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Hammer and Hoe
A groundbreaking contribution to the history of the "long Civil Rights movement," Hammer and Hoe tells the story of how, during the 1930s and '40s, Communists took on Alabama's repressive, racist police state to fight for economic justice, civil and political rights, and racial equality.
The Alabama Communist Party was made up of working people without a Euro-American radical political tradition: devoutly religious and semiliterate black laborers and sharecroppers, and a handful of whites, including unemployed industrial workers, housewives, youth, and renegade liberals. In this book, Robin D. G. Kelley reveals how the experiences and identities of these people from Alabama's farms, factories, mines, kitchens, and city streets shaped the Party's tactics and unique political culture. The result was a remarkably resilient movement forged in a racist world that had little tolerance for radicals.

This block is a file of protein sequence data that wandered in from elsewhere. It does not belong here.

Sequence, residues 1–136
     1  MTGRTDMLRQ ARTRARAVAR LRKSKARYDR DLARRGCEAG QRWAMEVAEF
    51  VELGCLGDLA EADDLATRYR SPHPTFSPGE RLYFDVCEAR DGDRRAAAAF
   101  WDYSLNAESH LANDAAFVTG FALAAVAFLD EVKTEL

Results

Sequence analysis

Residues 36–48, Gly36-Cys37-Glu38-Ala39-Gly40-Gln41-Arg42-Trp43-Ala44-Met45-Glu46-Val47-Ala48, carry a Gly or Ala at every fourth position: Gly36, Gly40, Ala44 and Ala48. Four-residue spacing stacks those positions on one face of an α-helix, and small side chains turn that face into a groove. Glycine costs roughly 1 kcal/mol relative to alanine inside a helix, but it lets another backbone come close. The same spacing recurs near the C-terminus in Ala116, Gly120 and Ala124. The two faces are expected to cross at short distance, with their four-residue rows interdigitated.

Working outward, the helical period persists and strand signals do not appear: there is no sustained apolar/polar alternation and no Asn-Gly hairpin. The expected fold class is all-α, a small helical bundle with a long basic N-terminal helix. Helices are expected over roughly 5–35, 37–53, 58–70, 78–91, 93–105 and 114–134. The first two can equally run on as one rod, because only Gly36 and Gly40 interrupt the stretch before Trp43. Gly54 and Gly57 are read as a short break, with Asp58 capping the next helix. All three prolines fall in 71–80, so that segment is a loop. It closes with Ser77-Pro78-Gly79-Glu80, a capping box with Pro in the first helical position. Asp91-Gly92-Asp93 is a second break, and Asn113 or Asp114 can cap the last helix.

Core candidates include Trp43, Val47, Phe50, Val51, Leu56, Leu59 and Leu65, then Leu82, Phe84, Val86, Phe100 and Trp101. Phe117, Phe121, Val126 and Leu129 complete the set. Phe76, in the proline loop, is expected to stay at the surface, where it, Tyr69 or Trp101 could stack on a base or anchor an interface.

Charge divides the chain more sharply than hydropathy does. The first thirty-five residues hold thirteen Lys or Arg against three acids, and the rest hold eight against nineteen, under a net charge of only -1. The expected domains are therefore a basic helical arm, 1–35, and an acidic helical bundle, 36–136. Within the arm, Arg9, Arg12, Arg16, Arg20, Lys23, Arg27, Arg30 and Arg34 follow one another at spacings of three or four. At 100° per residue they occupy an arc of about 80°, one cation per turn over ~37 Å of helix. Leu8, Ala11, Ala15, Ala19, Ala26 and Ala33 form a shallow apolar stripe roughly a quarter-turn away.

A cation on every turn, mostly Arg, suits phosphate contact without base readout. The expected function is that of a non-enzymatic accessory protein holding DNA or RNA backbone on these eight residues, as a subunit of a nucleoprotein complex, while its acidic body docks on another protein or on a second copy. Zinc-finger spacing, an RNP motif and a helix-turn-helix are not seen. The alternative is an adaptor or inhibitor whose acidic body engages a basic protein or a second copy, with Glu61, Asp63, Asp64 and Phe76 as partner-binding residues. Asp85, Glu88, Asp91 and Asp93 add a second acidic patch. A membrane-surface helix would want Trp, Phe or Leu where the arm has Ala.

After discussing the book's origins and impact in a new preface written for this twenty-fifth-anniversary edition, Kelley reflects on what a militantly antiracist, radical movement in the heart of Dixie might teach contemporary social movements confronting rampant inequality, police violence, mass incarceration, and neoliberalism.
When he was seven, David Sadzin's first grade teacher gave him a paragraph to read out loud. She interrupted him halfway to proclaim him "The Ringmaster" in his class's musical extravaganza about the circus. He's been using his voice to get out of trouble ever since. After a few intense years on New York's stages, performing traditional and experimental theater, improv, and sketch comedy, he's now settled comfortably in front of the mic in his home studio in Brooklyn.